The Insider

Mar 1, 2004  •  Post A Comment

Fact: Consultant Jim Vidakovich was not hired to listen to the gripes of the ever-assertive staffers on NBC’s “Today” show.
Fact: Mr. Vidakovich has been working with NBC for more than two years, most often with NBC’s entertainment division but also occasionally with executives and staffers at NBC News and MSNBC.
He has coached executives before big presentations; coached talent new to the business or to a show before they make promotional appearances or before they meet the press; done some team building and management consulting; and even helped compile a form on which the members of the Television Critics Association were invited to comment on the effectiveness of NBC’s winter TCA sessions.
Fact: You could look up this and more on Trainersinmotion.com, the Web site for Mr. Vidakovich’s company, People Centered Management. There one can find, among other things, his biography, his philosophy, his specialties, his long list of clients (including Lifetime Television, Clorox, Disney and the U.S. Postal Service) and a few testimonials, including one from Rebecca Marks, the senior VP of publicity for NBC Entertainment. Also easy to find on the Web site is his phone, fax or e-mail contact information.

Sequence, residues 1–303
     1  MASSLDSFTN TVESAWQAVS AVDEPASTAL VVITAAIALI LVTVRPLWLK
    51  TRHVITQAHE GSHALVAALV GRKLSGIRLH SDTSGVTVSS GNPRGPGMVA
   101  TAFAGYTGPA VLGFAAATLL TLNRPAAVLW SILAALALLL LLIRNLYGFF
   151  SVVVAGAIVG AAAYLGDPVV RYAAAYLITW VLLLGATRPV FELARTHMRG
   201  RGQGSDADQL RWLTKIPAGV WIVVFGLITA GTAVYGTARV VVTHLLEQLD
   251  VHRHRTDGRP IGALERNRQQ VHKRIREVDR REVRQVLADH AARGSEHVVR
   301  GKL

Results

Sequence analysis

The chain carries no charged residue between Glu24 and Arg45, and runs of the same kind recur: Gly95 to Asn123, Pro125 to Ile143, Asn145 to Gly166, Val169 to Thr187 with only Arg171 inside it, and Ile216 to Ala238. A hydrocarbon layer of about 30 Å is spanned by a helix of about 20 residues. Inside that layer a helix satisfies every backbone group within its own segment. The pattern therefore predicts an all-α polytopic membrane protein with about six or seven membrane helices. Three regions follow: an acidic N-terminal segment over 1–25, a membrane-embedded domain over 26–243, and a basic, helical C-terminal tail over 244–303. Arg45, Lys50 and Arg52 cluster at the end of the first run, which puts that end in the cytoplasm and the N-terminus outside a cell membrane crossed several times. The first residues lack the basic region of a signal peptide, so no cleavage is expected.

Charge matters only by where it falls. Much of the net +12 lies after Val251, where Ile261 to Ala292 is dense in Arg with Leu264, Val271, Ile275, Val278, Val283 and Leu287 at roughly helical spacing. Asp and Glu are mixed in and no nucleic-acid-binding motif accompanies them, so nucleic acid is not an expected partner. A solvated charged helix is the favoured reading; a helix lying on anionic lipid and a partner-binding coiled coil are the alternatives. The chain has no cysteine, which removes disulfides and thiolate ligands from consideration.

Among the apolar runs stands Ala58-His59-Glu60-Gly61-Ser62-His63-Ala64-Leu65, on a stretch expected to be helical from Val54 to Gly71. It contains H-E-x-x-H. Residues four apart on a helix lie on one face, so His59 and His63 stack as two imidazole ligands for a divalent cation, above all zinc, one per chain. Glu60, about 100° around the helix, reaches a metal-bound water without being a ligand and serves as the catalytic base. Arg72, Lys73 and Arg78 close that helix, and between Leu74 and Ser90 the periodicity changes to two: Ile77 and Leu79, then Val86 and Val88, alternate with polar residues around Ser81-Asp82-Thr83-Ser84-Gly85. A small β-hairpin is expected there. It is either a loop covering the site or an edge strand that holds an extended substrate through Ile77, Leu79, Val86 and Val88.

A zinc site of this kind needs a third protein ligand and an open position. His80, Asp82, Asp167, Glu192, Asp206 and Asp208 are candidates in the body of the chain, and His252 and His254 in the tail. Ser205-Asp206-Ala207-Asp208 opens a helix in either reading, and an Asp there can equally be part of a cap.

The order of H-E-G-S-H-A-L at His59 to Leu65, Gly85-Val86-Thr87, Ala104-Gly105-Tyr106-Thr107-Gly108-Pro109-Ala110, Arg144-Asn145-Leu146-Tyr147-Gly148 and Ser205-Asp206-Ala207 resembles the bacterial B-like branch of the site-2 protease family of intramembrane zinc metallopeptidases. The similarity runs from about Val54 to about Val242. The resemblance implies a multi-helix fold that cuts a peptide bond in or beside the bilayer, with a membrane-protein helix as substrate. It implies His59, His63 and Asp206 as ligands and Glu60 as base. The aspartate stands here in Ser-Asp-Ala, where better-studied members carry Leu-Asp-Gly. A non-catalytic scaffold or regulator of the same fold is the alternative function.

Question: How does Mr. Vidakovich feel about his recent dealings with “Today” staffers and executive producer Tom Touchet being portrayed as either a breaking news flash or a neon sign declaring that the apocalypse is nearing, if not now, for “Today”?
“Bits and pieces of information come out and are totally inaccurate because they are bits and pieces of information,” said Mr. Vidakovich during a break between appointments with non-NBC clients last week.
Mr. Vidakovich did not dish specifics about his contributions at NBC, where he said roughly 80 percent of his time is spent with Entertainment and the remaining 20 percent with News.
He acknowledged working with NBC News President Neal Shapiro and being part of “early” planning conversations for the transition from Tom Brokaw to Brian Williams as “NBC Nightly News” anchor following the November presidential election, but he said: “I am a nonentity when it comes to the big issues.”
The West Coast-based consultant said Mr. Touchet had been asking him to conduct sessions with “Today” staffers since November, but Mr. Vidakovich’s schedule only recently loosened up enough for him to spend the time on the East Coast.
“I am not a Mr. Fix-it,” he said. Nor is he a gunslinger for hire. “The first time you do that, you become that hit man,” said Mr. Vidakovich, who tends to characterize himself as a facilitator.
Those who have seen him in operation often use the word “guru” but they invariably describe him as engaging, even disarming, and as someone whose style is to encourage discussion by asking questions and listening-not by issuing edicts.
“He is not your usual consultant,” said one network source.